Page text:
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Hydrogen takes a new form

High-pressure studies reveal long-sought phase

12:03pm, March 1, 2012

Squeezing hydrogen at extreme pressures changes it into a mix of honeycombed atoms layered with free-floating molecules — an entirely new state of the element and the first new phase found in decades.

If confirmed, the discovery will be only the fourth known phase of hydrogen, the simplest element and one long probed for basic insights into the nature of matter.

“I think we have pretty bulletproof evidence that there is a new phase,” says Eugene Gregoryanz of the University of Edinburgh, leader of the team that will report the work in an upcoming Physical Review Letters.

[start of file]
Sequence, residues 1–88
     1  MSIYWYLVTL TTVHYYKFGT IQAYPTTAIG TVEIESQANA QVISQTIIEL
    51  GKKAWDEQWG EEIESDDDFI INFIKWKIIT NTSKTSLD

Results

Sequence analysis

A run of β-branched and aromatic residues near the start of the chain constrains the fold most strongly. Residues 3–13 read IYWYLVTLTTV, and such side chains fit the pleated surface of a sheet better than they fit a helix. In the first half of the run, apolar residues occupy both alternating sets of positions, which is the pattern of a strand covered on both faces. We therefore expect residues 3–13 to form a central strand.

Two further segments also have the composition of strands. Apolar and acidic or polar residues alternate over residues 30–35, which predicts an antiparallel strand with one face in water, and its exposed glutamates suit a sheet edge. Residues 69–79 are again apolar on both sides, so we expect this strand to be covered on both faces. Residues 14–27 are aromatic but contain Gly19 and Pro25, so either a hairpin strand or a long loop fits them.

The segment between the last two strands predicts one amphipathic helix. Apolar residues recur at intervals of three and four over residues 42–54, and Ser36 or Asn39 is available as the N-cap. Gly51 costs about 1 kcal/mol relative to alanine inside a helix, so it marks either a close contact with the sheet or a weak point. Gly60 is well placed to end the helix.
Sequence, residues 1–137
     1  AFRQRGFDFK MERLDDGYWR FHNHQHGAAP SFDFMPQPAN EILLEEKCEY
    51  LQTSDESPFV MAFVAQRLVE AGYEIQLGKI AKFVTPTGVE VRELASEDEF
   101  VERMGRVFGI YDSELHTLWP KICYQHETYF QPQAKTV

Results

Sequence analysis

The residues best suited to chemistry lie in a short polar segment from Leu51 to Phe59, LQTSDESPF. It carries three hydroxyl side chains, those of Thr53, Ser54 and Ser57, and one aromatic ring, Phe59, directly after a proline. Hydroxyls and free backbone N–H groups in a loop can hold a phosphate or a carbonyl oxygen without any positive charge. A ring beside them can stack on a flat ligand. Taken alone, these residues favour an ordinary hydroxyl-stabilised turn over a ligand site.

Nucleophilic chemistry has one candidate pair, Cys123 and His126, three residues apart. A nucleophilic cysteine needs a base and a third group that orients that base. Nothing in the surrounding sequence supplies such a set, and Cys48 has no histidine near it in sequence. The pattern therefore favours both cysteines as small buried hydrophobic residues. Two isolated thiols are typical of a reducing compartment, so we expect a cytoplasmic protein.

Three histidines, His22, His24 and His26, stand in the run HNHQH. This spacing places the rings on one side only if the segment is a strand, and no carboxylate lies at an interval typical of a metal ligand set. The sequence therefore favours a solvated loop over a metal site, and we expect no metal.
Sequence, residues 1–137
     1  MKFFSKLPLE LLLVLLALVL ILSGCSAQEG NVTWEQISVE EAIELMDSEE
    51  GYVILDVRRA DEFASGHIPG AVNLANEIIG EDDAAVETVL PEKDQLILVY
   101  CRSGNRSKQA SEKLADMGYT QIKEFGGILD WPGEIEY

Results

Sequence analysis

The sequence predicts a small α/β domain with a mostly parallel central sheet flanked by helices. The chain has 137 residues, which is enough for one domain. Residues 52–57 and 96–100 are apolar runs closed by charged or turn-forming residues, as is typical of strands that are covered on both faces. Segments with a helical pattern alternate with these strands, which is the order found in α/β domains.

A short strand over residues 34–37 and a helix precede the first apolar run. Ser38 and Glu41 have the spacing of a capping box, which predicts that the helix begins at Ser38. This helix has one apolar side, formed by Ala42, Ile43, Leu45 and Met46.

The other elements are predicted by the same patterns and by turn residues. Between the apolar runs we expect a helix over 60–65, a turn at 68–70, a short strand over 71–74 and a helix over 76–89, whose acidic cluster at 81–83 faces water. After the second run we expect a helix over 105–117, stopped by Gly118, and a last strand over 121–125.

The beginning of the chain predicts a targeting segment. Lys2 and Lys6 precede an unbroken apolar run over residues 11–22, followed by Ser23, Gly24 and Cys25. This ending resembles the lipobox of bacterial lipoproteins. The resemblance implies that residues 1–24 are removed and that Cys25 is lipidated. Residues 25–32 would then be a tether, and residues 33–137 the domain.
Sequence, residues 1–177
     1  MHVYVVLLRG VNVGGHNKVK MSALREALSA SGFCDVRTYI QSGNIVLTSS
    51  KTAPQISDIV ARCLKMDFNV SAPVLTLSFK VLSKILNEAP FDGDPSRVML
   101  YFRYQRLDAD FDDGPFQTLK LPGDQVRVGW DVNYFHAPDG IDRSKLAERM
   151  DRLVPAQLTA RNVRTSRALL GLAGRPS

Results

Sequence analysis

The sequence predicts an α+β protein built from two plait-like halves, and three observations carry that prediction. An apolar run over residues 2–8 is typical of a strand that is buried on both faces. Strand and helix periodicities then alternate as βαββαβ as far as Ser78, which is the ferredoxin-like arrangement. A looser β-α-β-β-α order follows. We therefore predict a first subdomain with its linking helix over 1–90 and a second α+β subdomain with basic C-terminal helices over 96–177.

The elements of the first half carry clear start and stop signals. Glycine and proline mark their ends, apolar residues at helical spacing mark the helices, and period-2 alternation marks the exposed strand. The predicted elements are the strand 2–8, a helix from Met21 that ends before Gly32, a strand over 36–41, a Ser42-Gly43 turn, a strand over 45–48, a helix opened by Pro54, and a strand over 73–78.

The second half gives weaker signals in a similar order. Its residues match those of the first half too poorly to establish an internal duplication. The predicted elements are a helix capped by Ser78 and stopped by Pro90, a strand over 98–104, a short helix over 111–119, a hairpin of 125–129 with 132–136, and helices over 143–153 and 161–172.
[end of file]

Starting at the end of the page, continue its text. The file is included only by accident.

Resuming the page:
Hydrogen’s first three phases pop into existence depending on the pressure and temperature. Gregoryanz and his colleagues squished room-temperature hydrogen to some of the highest pressures ever. At around 2 million times the pressure of Earth’s atmosphere, the scientists saw distinct changes in certain properties, such as how light scatters into diffe

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